(not  to mention the most-often dreadful quality of “public” education (especially in US) these days)

      • Diogenese_

         ChiChiChi, The US spends the most per student, and if you talked to a US graduate lately you would be frightened at how ignorant they are. Try this experiment, think of the most basic facts about the US you can think of, like for example ‘what happened in 1776′, ‘what does the first amendment say’, ‘Name any state that borders California’, ask a recent graduate those questions, and see what they say.

         And that’s after 40 years of study after study showing the education system is terrible, and response after response of giving it more money. If you were truly familiar with the undisputed facts of the matter that more government education spending made the US people More Ignorant instead of more educated, you would quickly give up on the idea of government running education, just like near starving Russians gave up on the government running farming in 1991.

        Watch this and fear more government education spending:

        http://www.youtube.com/watch?v=3WBtyG2OJvw

      • Guille

        The University of Buenos Aires (Argentina) has 5 Nobel prizes ammong its graduates. Three of them in science. This university is public and free. You don’t need to pay a cent to be educated by one of the best universities in Latin America.

      • Diogenese_

         You mean not paying anything other than fearing for your life while walking around Buenos Aires because of all the crime and lack of jobs caused by government spending destruction of the economy?

  • jaf

    John
    My sense is that Pinera will cave to the protestors and institute (further?) subsidies to education. As a supposed conservative I am not sure he is a friend of the free market.

  • zimmett

    but if Ron Paul were running for President here, he would do quite well… and certainly get all the media coverage he could handle.
    He does not get much media coverage here in the US

  • bill f

    I agree with your assessment of the Chilean population liking things as they are. I was living in Chile not even a year ago, and came away with the same conclusion. They’re pretty happy with the way things are, and won’t give in to socialism or another dictatorship.

  • algreg

    As usual foreign (read: US) media didn’t cover what really happened. They ALWAYS spin the story to meet their agenda. Just like when they talked up Hurricane Irene. They made it sound like an End of Days thing. No doubt in an effort to pump up the economy. Maybe I should move to Chile. It’s definitely one of my prospects.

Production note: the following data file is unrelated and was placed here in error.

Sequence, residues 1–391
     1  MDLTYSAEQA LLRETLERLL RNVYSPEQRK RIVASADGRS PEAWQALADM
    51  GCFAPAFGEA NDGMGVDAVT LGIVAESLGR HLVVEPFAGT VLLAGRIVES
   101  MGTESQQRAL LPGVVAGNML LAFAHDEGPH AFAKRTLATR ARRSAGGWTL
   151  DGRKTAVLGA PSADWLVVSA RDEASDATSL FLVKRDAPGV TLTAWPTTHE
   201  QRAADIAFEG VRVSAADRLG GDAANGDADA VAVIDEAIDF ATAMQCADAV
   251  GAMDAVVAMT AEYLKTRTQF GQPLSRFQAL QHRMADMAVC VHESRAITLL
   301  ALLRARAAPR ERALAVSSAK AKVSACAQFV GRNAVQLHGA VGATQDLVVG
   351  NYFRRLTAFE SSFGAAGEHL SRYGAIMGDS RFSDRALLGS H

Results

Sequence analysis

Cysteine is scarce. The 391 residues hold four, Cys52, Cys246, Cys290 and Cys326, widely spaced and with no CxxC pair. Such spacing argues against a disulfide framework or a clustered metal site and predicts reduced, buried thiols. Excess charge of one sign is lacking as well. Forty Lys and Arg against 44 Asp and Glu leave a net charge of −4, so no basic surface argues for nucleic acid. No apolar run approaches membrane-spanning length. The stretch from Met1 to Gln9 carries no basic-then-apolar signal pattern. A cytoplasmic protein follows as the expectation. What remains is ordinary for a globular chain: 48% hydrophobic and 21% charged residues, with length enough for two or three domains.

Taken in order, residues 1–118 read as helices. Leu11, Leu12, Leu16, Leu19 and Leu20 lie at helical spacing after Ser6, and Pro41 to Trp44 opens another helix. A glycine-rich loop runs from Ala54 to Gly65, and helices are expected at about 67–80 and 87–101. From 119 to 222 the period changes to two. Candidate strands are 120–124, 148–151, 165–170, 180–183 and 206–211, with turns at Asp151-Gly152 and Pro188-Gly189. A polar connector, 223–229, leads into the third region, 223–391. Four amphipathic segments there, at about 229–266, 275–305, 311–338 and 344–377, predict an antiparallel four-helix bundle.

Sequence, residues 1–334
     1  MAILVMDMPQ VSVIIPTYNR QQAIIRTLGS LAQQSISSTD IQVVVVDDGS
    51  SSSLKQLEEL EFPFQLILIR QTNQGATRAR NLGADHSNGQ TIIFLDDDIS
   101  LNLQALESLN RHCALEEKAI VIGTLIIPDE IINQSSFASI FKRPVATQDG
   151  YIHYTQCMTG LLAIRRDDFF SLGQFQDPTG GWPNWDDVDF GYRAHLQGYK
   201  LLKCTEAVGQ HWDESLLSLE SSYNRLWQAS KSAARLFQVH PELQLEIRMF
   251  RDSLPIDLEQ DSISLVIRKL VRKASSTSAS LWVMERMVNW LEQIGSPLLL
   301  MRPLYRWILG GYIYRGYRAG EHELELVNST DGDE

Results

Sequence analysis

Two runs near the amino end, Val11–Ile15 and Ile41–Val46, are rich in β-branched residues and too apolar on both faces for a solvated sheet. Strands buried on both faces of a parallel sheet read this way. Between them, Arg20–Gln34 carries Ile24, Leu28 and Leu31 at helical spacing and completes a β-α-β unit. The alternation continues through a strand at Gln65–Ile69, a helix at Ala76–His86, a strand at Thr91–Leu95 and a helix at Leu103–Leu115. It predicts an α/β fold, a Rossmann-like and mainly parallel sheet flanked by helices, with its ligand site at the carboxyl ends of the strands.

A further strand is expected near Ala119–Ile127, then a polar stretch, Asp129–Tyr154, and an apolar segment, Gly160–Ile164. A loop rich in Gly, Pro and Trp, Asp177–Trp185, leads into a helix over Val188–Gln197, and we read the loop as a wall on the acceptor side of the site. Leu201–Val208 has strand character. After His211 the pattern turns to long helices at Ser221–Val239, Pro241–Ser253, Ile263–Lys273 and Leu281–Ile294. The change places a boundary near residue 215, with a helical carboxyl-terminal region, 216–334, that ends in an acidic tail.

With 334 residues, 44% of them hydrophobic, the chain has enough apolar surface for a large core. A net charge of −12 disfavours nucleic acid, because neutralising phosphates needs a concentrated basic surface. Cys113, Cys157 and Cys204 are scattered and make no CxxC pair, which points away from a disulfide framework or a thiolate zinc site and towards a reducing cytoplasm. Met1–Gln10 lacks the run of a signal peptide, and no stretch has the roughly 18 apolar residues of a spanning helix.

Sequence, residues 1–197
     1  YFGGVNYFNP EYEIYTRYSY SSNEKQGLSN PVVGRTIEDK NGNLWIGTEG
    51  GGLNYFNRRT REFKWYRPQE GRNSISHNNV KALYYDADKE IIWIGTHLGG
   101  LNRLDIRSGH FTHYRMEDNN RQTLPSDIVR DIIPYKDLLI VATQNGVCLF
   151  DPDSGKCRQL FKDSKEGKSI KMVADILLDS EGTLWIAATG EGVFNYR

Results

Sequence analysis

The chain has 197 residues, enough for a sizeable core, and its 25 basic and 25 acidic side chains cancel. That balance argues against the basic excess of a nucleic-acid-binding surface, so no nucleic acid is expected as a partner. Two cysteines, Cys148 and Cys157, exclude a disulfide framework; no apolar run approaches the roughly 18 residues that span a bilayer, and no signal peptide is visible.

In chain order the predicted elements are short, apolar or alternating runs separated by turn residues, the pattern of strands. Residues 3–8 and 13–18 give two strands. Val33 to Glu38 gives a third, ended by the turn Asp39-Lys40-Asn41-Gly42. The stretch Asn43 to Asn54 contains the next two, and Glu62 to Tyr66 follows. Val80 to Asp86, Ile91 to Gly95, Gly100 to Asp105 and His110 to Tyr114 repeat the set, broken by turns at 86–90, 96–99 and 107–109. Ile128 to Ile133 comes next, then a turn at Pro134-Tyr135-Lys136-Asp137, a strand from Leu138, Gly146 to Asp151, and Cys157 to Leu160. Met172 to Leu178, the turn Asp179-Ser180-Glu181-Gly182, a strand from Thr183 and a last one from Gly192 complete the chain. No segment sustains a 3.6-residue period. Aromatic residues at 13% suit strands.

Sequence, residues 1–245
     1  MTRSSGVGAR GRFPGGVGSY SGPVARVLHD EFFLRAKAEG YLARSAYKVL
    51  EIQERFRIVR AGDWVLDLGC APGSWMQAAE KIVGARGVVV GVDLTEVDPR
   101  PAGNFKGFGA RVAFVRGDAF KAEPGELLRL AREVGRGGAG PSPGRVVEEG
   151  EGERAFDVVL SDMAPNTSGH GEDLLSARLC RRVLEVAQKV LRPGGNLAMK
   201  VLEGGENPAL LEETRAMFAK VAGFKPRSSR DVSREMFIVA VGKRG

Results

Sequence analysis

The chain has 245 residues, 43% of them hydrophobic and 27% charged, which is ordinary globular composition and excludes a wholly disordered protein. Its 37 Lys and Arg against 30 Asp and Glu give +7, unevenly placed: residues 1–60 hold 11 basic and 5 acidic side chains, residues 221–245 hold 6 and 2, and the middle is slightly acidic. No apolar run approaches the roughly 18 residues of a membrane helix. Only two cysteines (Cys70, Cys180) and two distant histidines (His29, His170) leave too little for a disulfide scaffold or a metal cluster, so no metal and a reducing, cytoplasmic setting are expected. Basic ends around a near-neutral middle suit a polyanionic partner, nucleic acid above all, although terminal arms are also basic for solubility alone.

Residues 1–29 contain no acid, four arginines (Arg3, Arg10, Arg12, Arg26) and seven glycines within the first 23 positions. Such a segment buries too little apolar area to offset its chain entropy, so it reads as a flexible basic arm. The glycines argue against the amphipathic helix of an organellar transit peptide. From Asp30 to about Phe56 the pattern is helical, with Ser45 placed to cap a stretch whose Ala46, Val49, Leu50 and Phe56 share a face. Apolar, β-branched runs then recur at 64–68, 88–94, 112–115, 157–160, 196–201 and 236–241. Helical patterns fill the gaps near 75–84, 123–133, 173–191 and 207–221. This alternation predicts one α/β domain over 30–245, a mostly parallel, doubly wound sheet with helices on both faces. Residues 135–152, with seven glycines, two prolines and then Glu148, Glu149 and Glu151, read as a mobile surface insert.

• Occie1

    what do i have to do to move to Chile, besides getting married to a chillian.

  • Roterfunken

    You say: “5) I credit the police here for protecting private property and dealing with the violent rioters in a very professional way.” Have a look, sovereign man, what kind of police you are crediting: http://vimeo.com/28179683

    • Diogenese_

       What happens in the video is that a bunch of Carabineros, the national police of Chile, are getting on to a bus, and a small crowd of postal union workers shout some thing at them while standing at the entrance to a union office. 2 of the Carabineros run up to them, and one of them throws a tear gas canister into the building. The people in the building than come out choking and crying. That’s definitely an abusive and dangerous police behavior,  as tear gas in a confined space could seriously harm someone, and although probably unlikely with tear gas, smoke grenades are what caused the Waco building to burn down. The officer gives an appearance of having done that for being insulted or similar and he should face a hearing at minimum, since the crowd wasn’t overtly threatening him, and he also gassed the building instead of the crowd in an apparent punishment retaliation type action.

       So this is evidence of wrongful behavior by one officer. It’s a concern, but not enough evidence by itself to characterize the Carabineros organization itself as abusive. A key question from this is what type of hearing or trial will the officer face.

  • Rebecca Dalmas

    How can a man who has lived an educated and international life really have any sense of what it means to be ” on the ground”? With all your education and opportunity, is not your awareness on the potential of men that have a stable education, food, opportunity, and shelter? If there is enough for military entities, and planned obsolescence then there is enough for all to have what is needed to reach their full potential. There is no other choice but this. Socialism on another front, is the realization that what happens on one point on earth, happens to all, as this is how the water moves. So-cal-I-is-man, what I call, where I am, so is it the same with all- and time will this carry to all ears/earth’s living things.
    You, have been had by the ill-usion of greed.